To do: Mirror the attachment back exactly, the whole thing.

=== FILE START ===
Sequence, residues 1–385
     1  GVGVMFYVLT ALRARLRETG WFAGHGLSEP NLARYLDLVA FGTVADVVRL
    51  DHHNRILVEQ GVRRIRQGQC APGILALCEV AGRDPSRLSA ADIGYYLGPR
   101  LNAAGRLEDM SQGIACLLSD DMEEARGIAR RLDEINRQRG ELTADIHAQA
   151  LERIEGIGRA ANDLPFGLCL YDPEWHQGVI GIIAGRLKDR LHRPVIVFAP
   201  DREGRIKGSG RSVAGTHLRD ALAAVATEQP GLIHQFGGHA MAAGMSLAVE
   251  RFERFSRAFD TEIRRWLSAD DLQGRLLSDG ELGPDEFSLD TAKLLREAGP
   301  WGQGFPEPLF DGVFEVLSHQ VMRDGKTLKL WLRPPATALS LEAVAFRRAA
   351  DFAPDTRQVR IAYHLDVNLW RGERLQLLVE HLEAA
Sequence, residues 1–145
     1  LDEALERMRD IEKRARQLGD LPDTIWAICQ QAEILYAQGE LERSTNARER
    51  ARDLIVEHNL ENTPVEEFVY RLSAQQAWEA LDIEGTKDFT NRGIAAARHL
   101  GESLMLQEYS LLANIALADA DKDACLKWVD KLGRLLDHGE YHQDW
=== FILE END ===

Sequence, residues 1–385
     1  GVGVMFYVLT ALRARLRETG WFAGHGLSEP NLARYLDLVA FGTVADVVRL
    51  DHHNRILVEQ GVRRIRQGQC APGILALCEV AGRDPSRLSA ADIGYYLGPR
   101  LNAAGRLEDM SQGIACLLSD DMEEARGIAR RLDEINRQRG ELTADIHAQA
   151  LERIEGIGRA ANDLPFGLCL YDPEWHQGVI GIIAGRLKDR LHRPVIVFAP
   201  DREGRIKGSG RSVAGTHLRD ALAAVATEQP GLIHQFGGHA MAAGMSLAVE
   251  RFERFSRAFD TEIRRWLSAD DLQGRLLSDG ELGPDEFSLD TAKLLREAGP
   301  WGQGFPEPLF DGVFEVLSHQ VMRDGKTLKL WLRPPATALS LEAVAFRRAA
   351  DFAPDTRQVR IAYHLDVNLW RGERLQLLVE HLEAA
Sequence, residues 1–145
     1  LDEALERMRD IEKRARQLGD LPDTIWAICQ QAEILYAQGE LERSTNARER
    51  ARDLIVEHNL ENTPVEEFVY RLSAQQAWEA LDIEGTKDFT NRGIAAARHL
   101  GESLMLQEYS LLANIALADA DKDACLKWVD KLGRLLDHGE YHQDW